Today we are introducing a brand new part of this blog from my sister Lithy Dunbar Morley.
Lithy is an environmental management student currently studying a semester at La Trobe university in Melbourne.
Here is her first featured blog post on faldaeats.com, stay tuned to find out more about Lithy.
In her Shoes, a Goat’s Perspective…
Some argue that rights should be given to all living things, or at least those animals with superior intelligence and with the ability to feel pain and to suffer. When considering whether animals are entitled to rights it seemed a good idea to have a chat with a being that has suffered and has first hand experience of the situation.
I interviewed a four year old Alpine goat who has lived amongst a variety of animals her whole life. For the purpose of this interview I derived my questions from a couple of sources, Park, M & Singer, P – Globalization of Animal Welfare and International Court of Justice: Whaling in the Antarctic (Australia v Japan) – Summary of Judgement (2014).
The young goat mother seemed encouraged by my company albeit she was on the other side of the fence and I took this as formal consent to being interviewed. In addition she happily accepted the Gum Nuts I offered. Unsure how to initiate the interview and cautions that her owner was watching I decided to jump in by asking If, in her opinion animals were entitled to rights like those given to humans.
She responded indifferently by rubbing herself against the sharp metal knots which lined her enclosure and I took this to mean that she:
“felt angered by the history of her ancestors, who were oppressed for generations”
and that she hoped:
“this new group of eco thinkers would be able to voice her concerns and instigate real change”.
Wondering if she was done answering I stepped forward, only for her to angrily shake her mud soaked hooves dramatically at being interrupted mid answer and she continued:
“Unfortunately I will die without seeing my situation change and so will my children”
Or at least that’s what I think she said, the language barrier was difficult to overcome. Her answers didn’t surprise me and I had been prepared for her stark responses.
She had already given birth to three kids. Unfortunately two of them having been male meant that the central nerve in their brains had been severed, as they were of no financial gain to her owner. It is of little surprise that she had developed a negative outlook on her world.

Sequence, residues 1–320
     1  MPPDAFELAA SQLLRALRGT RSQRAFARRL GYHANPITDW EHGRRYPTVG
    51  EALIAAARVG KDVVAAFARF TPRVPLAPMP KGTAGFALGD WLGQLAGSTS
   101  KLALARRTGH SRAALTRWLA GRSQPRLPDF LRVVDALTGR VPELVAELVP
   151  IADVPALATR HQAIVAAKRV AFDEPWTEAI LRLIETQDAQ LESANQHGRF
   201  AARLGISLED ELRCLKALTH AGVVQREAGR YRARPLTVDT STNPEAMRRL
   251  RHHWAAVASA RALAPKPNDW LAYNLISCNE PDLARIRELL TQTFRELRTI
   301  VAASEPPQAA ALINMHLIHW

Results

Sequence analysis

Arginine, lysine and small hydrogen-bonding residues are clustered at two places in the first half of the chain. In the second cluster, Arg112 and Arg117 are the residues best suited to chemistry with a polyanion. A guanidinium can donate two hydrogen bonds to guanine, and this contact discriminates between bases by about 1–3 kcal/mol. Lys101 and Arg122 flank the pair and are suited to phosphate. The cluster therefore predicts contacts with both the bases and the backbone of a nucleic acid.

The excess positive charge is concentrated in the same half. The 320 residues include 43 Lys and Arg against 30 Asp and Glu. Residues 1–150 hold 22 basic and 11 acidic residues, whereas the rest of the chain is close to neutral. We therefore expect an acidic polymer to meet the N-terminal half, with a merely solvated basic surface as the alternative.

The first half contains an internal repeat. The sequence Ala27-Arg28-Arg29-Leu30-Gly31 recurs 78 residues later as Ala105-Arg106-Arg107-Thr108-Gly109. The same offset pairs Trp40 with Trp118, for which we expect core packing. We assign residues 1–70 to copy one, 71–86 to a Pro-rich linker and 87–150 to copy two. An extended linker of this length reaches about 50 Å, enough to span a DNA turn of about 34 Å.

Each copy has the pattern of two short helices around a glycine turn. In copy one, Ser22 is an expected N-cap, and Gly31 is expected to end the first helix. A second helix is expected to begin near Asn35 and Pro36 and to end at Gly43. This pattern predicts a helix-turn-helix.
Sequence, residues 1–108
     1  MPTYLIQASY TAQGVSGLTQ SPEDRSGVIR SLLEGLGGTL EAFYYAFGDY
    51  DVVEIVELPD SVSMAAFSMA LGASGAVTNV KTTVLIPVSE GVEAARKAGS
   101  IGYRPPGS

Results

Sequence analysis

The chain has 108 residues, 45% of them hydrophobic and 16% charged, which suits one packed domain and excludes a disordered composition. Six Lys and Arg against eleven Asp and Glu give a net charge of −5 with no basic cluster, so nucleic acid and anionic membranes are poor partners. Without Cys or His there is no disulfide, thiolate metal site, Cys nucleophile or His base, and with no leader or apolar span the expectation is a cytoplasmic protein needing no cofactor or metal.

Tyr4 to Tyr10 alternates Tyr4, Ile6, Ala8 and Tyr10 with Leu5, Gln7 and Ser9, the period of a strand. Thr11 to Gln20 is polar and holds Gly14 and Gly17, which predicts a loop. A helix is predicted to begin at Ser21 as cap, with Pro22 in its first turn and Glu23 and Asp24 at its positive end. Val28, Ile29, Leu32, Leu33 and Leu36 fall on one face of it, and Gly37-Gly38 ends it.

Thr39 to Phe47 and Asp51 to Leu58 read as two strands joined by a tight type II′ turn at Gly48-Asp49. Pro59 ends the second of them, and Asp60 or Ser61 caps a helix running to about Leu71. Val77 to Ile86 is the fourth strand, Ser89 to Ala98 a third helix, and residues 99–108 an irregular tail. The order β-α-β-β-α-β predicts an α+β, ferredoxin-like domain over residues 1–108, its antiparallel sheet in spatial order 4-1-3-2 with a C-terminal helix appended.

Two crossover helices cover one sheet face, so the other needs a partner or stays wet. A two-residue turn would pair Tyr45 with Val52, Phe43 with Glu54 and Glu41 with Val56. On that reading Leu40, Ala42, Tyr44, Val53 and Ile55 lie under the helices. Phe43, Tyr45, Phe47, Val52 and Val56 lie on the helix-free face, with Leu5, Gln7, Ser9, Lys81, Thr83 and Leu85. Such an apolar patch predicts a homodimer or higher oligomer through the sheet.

I next asked her if she had heard about the international whaling ban. Nodding she looked deeply in thought and I could see in her eyes that she did believe the ban was a positive step for animal protection. I sharply pushed the side of her torso, feeling her protruding ribs and causing her to yelp in pain, in order to regain her wandering attention and asked if she would support a similar ban against intensive goat farming. She seemed to reply that:
“I am a realist, and if history has taught us anything it’s that small change can lead to big things, let’s start with the basics and ensure fair treatment for all”.
Turning her head sideways she looked over at one of her room-mates, revealing a thin burn line around her collar. Curious I asked her owner about its cause and he kindly explained with a toothy grin that she had to be tied up at night or else she might get cut by the barbed fence during escape attempts.
It was interesting to get an Alpine goats point of view where suffering is an everyday occurrence and Infant mortality a major concern as well as early death from human inflicted pain.
Animals don’t have voices, or not those we can comprehend, but that doesn’t mean we can’t interpret their behaviours or put ourselves in their metaphorical shoes.
Park, M & Singer, P 2012, ‘The Globalisation of Animal Welfare: More food does not require more suffering’, Foreign Affairs, pp. 122-133.
International Court of Justice: Whaling in the Antarctic (Australia v Japan) – Summary of Judgement (2014)